Stoke-on-Trent City Council is planning to make the cuts to its small group homes, which provide residential care and support for some the most vulnerable children in the local authority’s care.
There are currently 14 small group homes in Stoke and five are set to be closed under the plans.
One of the homes earmarked for closure is already vacant and eight children currently live in the remaining four homes.
According to council documents the move has been made as part of “an overall review of residential placements with the movement to supported accommodation and other providers where appropriate”.
“This is to ensure that children are in an appropriate setting according to their needs,” states budget plans that have been submitted to members of the council’s children and young people’s overview and scrutiny committee.
Dave Evans, Stoke Council’s cabinet member for children and young people said the closures come as the local authority partners with other councils to improve adoption and looks to recruit more foster carers.
“This is absolutely not about the quality of our small group homes – they provide excellent care with very dedicated staff and does not mean that small group homes do not play a part in the care we provide,” he said.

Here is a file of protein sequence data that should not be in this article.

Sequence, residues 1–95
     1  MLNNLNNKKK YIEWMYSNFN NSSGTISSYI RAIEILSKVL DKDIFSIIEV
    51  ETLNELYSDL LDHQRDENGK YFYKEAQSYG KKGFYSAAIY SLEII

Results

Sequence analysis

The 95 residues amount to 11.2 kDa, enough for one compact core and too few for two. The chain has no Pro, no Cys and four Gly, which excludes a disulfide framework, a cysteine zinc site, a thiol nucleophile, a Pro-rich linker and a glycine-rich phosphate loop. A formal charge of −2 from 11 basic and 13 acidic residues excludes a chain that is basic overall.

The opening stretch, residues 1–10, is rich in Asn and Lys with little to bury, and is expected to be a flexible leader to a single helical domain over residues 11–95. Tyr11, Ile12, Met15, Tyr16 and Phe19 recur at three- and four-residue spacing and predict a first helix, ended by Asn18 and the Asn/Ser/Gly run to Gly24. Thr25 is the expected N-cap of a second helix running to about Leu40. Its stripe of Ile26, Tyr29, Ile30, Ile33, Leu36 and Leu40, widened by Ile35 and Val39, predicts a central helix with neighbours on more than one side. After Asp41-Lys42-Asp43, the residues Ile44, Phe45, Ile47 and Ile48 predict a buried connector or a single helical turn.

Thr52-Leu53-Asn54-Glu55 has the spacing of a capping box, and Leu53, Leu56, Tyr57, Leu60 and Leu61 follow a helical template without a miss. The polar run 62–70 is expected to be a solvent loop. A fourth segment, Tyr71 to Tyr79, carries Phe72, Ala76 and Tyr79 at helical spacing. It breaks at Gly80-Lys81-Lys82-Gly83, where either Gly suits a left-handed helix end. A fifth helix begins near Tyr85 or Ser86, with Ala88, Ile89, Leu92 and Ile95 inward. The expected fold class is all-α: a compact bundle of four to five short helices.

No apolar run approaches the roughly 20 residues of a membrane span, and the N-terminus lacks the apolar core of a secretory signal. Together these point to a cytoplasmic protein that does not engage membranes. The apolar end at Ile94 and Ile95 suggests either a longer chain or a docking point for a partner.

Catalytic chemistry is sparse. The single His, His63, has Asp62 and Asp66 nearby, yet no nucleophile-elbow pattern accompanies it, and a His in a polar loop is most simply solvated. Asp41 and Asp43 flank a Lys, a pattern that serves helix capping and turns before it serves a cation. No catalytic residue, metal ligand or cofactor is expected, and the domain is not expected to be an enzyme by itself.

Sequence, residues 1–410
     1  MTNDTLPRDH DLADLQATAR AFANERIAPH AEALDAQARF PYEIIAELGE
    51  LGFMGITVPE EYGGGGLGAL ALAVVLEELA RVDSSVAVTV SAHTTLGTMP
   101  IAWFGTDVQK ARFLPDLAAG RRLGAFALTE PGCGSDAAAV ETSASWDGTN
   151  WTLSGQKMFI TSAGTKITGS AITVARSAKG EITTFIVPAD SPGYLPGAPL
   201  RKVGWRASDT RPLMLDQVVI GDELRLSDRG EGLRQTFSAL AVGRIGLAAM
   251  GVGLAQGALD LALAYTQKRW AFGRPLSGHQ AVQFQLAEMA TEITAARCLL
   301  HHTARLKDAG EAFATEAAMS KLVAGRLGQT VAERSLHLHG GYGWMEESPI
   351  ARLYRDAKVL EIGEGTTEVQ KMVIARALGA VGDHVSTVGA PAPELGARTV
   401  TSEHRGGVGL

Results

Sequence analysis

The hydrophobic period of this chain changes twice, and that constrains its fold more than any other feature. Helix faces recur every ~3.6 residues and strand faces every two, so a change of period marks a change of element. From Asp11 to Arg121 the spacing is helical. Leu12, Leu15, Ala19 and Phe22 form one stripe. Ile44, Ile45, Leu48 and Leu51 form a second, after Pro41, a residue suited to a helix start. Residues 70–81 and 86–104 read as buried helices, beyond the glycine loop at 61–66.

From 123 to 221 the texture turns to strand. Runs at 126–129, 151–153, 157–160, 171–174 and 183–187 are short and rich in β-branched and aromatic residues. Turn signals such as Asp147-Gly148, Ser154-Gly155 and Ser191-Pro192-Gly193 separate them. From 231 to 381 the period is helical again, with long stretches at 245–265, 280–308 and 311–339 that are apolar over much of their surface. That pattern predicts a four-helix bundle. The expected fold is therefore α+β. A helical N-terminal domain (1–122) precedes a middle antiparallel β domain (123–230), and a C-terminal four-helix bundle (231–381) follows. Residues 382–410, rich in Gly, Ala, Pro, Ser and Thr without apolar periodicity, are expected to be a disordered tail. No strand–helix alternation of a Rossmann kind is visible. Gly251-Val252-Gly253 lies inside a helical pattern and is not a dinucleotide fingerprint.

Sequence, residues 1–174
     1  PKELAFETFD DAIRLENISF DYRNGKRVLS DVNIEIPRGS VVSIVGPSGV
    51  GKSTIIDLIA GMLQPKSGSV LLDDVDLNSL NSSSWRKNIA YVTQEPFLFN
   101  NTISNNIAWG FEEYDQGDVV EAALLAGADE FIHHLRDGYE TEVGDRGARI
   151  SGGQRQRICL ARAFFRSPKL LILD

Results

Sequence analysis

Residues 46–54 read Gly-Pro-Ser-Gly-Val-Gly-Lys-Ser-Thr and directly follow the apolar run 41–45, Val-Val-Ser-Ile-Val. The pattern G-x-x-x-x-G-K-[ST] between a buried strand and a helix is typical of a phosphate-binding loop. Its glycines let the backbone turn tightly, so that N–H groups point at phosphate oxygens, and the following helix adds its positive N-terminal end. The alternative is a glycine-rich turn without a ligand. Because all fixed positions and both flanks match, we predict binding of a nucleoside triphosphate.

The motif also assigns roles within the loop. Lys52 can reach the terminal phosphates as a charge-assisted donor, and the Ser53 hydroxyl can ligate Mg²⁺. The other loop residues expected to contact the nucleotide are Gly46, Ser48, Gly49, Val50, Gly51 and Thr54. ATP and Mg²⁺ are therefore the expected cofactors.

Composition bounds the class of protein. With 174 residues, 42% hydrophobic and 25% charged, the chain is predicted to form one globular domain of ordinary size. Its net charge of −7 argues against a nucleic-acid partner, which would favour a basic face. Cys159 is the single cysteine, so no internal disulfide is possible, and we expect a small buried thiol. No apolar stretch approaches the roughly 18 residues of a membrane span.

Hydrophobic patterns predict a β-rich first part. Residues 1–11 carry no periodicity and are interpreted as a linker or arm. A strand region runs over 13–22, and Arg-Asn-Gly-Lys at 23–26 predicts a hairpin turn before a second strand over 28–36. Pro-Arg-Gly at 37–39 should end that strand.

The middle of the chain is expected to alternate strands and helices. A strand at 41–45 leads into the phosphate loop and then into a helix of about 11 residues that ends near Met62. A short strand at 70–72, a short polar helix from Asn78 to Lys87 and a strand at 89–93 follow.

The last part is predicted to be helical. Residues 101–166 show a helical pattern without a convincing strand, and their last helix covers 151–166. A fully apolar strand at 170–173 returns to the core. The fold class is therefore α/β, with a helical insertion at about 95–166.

“We are now part of a new regional adoption agency, which sees us working with three other local authorities. We are also recruiting more foster carers – this means there are less requirements for the small group homes.
“Children's social care is about supporting children in the right place in the right way and we want to have the right mix of care options in place to support this. We also want to prioritise permanent loving homes for the children in our care wherever we can.”
He added: “Supporting children is our number one priority and it is only right and proper that we regularly review all that we do, particularly in light of our Ofsted inspection last year.”
The £1.2m children’s home cuts form the bulk of £1.9m worth of cuts across children’s services planned for 2020/21. This also includes a saving of £228,000 to overhaul school support including careers advice and education welfare. A review of commissioning contracts around special educational needs and disabilities (SEND) as well as mental health support could save £250,000.
Children’s services at Stoke City Council were handed Ofsted’s lowest rating following an inspection in February 2019, with inspectors particularly concerned that vulnerable children were not being safeguarded.
Last November, a report by the government appointed commissioner, Eleanor Brazil, found that the council is not able to improve its children’s services on its own.
Stoke has been told to link up with a local authority with a strong track record of delivering children’s services.